A military history boardgame like German Eagle vs. Russian Bear can be used as an extracurricular and/or extra credit study project. It can also be used as a classroom incentive to complete classwork. A game like this is basically a quantification of an historical event, a mathematical model. It can motivate mathematical students to study and relate to history. On the other hand, it can also help verbal students use and enjoy basic principles of mathematics and probability. Finally, it is an opportunity for a student of high potential, who has been frustrated or bored by more conventional coursework, to use and display his/her ability and thereby acquire some motivating recognition and self-esteem.
Although I have been regularly beaten in the game by my 4th Grade son, it is more appropriate to the 8th Grade level and above. In any given class, a teacher will probably find at least one experienced "wargamer" eager to share his/her hobby with classmates, and that student can become a teaching assistant. Indeed, trying to learn games like this directly from instructions is extremely difficult. However, if that is necessary, players should start with the historical -- June, 1941 -- game-start scenario and the "example of play," referring back to the instructions for guidance and amplification as they proceed through a turn sequence.
In the learning phase, a better or more experienced player should be the Axis Player. Thereafter, a student should be on each side an equal number of times. Team play can be educational, as players struggle to resolve or coordinate differences in ability, resources, and strategic planning. Strategic variations of the historical game-start and later scenarios should be explored only after the basic game is fully understood.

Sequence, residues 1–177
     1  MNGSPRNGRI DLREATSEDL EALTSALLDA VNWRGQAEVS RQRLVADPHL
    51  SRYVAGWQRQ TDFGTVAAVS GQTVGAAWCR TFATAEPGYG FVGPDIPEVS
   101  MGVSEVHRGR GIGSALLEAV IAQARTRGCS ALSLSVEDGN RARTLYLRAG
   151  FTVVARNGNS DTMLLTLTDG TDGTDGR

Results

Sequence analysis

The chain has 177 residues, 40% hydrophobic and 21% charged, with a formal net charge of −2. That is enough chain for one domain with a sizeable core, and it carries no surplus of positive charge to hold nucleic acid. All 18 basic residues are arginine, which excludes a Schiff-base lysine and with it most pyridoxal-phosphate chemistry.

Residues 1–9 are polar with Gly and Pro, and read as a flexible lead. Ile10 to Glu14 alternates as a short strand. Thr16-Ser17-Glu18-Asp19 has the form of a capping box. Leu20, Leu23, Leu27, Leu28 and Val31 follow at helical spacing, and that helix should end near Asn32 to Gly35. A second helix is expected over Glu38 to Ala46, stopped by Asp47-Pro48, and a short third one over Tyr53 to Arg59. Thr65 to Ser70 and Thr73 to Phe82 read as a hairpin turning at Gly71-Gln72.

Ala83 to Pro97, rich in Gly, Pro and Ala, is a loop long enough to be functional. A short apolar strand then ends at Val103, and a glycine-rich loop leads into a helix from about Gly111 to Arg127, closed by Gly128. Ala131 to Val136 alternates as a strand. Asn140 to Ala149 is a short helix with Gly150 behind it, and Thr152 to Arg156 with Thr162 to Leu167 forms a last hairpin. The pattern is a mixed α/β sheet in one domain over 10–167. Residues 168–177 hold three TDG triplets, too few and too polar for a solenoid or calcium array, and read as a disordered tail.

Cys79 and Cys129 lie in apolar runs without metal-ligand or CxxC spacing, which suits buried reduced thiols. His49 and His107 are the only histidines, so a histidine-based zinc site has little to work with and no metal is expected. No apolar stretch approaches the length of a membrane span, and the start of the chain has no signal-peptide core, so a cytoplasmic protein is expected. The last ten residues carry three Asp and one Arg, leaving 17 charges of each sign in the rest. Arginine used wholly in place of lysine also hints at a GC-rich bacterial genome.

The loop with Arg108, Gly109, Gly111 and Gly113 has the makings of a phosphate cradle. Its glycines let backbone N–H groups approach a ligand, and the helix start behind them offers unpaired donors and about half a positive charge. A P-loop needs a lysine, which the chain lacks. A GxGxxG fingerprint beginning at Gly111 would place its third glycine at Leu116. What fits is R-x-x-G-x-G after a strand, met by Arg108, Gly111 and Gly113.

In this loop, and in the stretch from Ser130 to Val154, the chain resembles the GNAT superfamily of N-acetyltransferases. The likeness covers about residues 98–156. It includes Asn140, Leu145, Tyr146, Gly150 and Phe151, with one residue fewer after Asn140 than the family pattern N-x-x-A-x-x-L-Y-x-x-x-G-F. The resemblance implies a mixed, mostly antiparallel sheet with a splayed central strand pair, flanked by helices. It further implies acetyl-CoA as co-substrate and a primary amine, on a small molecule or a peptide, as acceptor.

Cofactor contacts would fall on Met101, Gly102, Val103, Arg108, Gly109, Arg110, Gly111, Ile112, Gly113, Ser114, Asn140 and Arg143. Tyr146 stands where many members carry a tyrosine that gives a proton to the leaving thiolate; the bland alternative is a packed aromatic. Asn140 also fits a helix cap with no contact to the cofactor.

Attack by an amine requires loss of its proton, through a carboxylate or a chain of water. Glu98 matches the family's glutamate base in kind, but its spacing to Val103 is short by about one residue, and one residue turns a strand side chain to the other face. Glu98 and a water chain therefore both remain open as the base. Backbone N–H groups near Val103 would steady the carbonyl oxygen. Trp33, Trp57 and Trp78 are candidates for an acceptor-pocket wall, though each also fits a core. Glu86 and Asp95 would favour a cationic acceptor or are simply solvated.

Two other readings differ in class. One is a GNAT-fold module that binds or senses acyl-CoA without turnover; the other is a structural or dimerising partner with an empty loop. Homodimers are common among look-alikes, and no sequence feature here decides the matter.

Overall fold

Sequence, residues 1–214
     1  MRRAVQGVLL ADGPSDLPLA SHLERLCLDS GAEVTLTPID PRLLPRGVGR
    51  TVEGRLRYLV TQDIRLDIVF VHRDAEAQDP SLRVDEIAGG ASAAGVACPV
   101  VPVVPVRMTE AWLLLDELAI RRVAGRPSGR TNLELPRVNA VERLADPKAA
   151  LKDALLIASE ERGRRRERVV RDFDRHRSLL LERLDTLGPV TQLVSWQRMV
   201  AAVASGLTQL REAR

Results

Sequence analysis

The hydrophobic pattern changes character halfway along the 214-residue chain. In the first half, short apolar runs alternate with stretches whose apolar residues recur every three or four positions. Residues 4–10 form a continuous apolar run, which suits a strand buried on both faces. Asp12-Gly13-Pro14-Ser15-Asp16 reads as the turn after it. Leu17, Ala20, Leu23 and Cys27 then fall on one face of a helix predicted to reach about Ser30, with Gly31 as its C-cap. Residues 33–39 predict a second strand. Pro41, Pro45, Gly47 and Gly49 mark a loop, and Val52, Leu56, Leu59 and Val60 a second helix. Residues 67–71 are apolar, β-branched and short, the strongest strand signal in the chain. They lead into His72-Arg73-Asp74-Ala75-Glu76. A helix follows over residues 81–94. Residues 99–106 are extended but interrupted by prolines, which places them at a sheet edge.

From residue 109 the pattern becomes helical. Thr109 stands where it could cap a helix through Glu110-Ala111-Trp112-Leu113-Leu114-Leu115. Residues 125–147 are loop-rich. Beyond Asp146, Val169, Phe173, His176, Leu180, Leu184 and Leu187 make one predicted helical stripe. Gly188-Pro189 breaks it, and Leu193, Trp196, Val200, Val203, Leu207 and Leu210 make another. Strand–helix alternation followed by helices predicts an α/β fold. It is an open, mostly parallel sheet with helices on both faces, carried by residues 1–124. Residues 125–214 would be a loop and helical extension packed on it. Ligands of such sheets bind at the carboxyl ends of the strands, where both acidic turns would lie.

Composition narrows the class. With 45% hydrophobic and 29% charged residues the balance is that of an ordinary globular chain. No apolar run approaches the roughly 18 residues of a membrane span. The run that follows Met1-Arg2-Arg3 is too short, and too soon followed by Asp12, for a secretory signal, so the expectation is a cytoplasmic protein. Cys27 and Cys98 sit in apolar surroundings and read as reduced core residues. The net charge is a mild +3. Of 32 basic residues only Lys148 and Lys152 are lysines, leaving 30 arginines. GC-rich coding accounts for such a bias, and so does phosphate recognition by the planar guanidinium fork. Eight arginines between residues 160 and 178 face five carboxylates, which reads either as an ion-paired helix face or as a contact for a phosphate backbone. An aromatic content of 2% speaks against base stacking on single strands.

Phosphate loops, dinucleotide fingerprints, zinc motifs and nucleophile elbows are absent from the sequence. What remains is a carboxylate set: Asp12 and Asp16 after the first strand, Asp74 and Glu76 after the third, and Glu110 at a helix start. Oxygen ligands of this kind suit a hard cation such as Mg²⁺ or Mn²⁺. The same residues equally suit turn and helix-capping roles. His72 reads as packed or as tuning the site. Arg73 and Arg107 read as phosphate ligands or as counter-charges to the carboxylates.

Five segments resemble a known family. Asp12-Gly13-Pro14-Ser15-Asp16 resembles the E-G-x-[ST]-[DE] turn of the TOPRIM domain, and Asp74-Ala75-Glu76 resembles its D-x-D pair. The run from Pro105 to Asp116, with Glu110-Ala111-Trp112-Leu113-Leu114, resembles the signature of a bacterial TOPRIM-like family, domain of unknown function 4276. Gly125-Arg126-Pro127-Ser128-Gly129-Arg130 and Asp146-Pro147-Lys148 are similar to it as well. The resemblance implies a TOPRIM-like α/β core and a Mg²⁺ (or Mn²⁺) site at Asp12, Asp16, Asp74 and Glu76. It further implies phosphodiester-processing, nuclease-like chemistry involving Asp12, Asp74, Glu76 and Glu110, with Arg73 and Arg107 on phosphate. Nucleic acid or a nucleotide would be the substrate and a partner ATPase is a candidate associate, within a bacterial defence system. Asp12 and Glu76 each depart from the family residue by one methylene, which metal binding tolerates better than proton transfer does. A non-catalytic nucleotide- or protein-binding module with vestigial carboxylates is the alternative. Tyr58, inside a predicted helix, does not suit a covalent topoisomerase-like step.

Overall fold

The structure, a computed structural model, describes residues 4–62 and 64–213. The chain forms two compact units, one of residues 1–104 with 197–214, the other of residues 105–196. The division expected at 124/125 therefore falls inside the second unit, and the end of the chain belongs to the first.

A key element of this game is its Analysis and Results Form. Using (copies of) this form compels students to analyze and understand the historical situation and their own decision-making reactions to it. This is an essential learning tool and reinforcement for an experiential learning device like this and is something omitted in commercial wargames. The form can also emphasize that learning rather than winning is the basic objective of the game. Along with the Tournament Certificate -- if use of the game is carried to that competitive extent -- the form can be a souvenir of the learning experience.
Student reactions to the game will vary sharply. Some will be utterly disinterested. Others will become totally absorbed, and -- especially in the lower grades -- the intensity of their concentration is almost frightening. Long periods of tense silence are often disrupted or climaxed by whoops of excitement, when key situations and/or the game itself are resolved.
For example, in 1972-73 at the height of anti-Vietnam/anti-military feeling in the nation, I was the graduate Assistant Librarian at the University of Illinois High School in Urbana. I naively offered to sponsor a wargames club and found myself being dragged back to school Saturday afternoons, even in the most beautiful weather. Those kids could sit there for 5 hours at a stretch (or as long as I would allow them) in utter concentration -- to the shock of teachers who had been struggling to keep their attention for 50 minutes at a time. These students' involvement with "simulation games" led to a myriad of spin-off benefits and subsequent career interests.
The values of a game like this to the social studies curriculum are many. It gives students a basic knowledge of the geography and climate of an historically significant area. It can be used as a complement to a U.S. history course, so that students can learn what our Soviet allies did in World War II with or against Nazi Germany in the East, while we came from the West.